Eight Western Pa. school districts launch project to personalize education
By Bill Zlatos
Published: Thursday, Oct. 11, 2012, 1:02 p.m.
Thousands of students in eight school districts will use smartphones or laptops to write career goals so teachers can better help them achieve their aspirations.
“I expect kids to be doing this beginning in middle school and working all the way through high school to create a post-secondary plan,” said Mary K. Babyak, director of initiatives for The Consortium for Public Education.
Babyak oversees the program called My Action Plan for Success initiative, or MAPS, in which Albert Gallatin, Chartiers Valley, Clairton City, Greensburg Salem, Laurel Highlands, McKeesport and Sharon City and Pittsburgh Public Schools will participate.
MAPS is designed to prompt students to think about possible career classes and grades they need, and how extracurricular activities fit into their goals. The program uses a digital tool called eMAPS that enables students to record vocational goals, outside interests and impressions of classes and activities to share with their teachers.
“We need to have a big-picture look at the whole child — how do we support those kids?” Babyak said.
Eileen Amato, superintendent of Greensburg Salem, said the high school brings graduates back and tapes their comments about what the school did well and what it could have done better.
“This is a very constructive thing to get young people thinking of plans because the days of having one or two employers over a lifetime are gone,” said Robert Strauss, professor of economics and public policy at Carnegie Mellon University. “The economy is volatile, and we have to adapt to a world labor market.”
The Heinz Endowments, the Benedum Foundation and The Buhl Foundation contributed $600,000 over two years toward the project.
The participating school districts vary in levels of student achievement but agree on the value of helping students focus on career pursuits, officials said.
Bill Zlatos is a staff writer for Trib Total Media. He can be reached at 412-320-7828 or email@example.com.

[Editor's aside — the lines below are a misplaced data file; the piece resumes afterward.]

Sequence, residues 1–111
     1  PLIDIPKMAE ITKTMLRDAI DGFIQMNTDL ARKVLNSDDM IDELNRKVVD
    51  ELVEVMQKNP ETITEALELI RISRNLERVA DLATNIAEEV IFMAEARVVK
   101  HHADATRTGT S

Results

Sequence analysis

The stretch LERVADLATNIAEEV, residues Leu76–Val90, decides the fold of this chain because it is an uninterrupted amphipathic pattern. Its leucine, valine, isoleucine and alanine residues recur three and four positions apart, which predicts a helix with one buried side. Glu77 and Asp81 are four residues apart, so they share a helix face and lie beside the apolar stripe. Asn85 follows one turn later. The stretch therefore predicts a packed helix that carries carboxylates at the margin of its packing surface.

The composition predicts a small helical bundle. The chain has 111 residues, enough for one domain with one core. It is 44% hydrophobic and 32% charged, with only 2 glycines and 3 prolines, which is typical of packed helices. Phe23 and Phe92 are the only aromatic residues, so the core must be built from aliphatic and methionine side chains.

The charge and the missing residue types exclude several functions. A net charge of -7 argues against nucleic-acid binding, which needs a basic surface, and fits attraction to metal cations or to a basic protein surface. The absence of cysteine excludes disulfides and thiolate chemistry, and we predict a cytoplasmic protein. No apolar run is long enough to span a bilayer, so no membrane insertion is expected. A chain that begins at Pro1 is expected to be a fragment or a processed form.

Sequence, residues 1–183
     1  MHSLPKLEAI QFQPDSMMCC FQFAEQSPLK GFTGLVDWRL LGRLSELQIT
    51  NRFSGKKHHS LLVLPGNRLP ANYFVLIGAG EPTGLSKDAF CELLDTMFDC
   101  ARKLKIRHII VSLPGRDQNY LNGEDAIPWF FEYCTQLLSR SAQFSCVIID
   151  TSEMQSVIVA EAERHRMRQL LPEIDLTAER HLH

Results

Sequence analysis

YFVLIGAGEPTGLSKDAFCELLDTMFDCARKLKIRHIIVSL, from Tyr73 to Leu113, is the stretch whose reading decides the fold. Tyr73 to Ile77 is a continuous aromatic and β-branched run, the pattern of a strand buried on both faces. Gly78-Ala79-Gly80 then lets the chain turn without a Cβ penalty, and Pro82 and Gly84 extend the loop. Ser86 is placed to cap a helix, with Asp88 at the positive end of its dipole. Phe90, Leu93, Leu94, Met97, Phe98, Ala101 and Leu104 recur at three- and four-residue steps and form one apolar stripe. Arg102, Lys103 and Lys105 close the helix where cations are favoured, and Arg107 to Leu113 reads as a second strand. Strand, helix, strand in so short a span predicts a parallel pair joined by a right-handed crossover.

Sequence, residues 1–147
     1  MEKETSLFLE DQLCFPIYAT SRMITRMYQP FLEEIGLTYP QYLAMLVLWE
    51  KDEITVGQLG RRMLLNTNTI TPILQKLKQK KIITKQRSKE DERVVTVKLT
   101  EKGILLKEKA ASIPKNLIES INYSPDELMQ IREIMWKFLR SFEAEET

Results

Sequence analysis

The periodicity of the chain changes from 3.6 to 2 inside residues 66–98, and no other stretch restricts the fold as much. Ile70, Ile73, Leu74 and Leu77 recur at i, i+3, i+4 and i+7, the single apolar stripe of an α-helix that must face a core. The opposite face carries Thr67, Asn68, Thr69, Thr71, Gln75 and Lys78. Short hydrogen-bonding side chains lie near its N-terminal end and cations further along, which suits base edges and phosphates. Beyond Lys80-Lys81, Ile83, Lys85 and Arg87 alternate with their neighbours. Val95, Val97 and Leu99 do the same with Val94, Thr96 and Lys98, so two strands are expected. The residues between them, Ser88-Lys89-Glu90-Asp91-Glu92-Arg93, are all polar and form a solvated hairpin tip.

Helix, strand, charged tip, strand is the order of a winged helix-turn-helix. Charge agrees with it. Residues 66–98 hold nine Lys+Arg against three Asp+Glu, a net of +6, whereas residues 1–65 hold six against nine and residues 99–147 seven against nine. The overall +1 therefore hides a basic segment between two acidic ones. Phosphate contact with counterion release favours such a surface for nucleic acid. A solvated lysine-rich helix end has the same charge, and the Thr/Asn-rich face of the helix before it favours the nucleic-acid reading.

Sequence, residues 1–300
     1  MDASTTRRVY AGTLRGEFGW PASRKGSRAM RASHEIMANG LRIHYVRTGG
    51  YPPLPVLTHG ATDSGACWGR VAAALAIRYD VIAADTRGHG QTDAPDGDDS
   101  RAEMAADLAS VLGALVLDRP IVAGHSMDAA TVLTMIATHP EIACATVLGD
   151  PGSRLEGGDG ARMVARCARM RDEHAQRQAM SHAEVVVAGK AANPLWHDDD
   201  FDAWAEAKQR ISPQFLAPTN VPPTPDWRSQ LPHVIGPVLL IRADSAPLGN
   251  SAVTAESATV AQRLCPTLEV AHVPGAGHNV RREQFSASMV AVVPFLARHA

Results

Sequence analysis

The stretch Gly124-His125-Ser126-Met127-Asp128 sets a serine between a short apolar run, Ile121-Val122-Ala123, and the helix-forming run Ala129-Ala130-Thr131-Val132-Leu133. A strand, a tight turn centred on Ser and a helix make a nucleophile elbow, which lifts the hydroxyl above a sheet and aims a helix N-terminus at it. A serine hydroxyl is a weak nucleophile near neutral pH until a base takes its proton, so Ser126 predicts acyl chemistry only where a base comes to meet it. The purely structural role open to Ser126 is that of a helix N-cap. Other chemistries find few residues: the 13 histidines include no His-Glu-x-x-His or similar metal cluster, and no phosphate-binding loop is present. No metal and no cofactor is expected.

Show commenting policy
TribLive commenting policy
You are solely responsible for your comments and by using TribLive.com you agree to our Terms of Service.
We moderate comments. Our goal is to provide substantive commentary for a general readership. By screening submissions, we provide a space where readers can share intelligent and informed commentary that enhances the quality of our news and information.
While most comments will be posted if they are on-topic and not abusive, moderating decisions are subjective. We will make them as carefully and consistently as we can. Because of the volume of reader comments, we cannot review individual moderation decisions with readers.
We value thoughtful comments representing a range of views that make their point quickly and politely. We make an effort to protect discussions from repeated comments either by the same reader or different readers.
We follow the same standards for taste as the daily newspaper. A few things we won't tolerate: personal attacks, obscenity, vulgarity, profanity (including expletives and letters followed by dashes), commercial promotion, impersonations, incoherence, proselytizing and SHOUTING. Don't include URLs to Web sites.
We do not edit comments. They are either approved or deleted. We reserve the right to edit a comment that is quoted or excerpted in an article. In this case, we may fix spelling and punctuation.
We welcome strong opinions and criticism of our work, but we don't want comments to become bogged down with discussions of our policies and we will moderate accordingly.
We appreciate it when readers and people quoted in articles or blog posts point out errors of fact or emphasis and will investigate all assertions. But these suggestions should be sent via e-mail. To avoid distracting other readers, we won't publish comments that suggest a correction. Instead, corrections will be made in a blog post or in an article.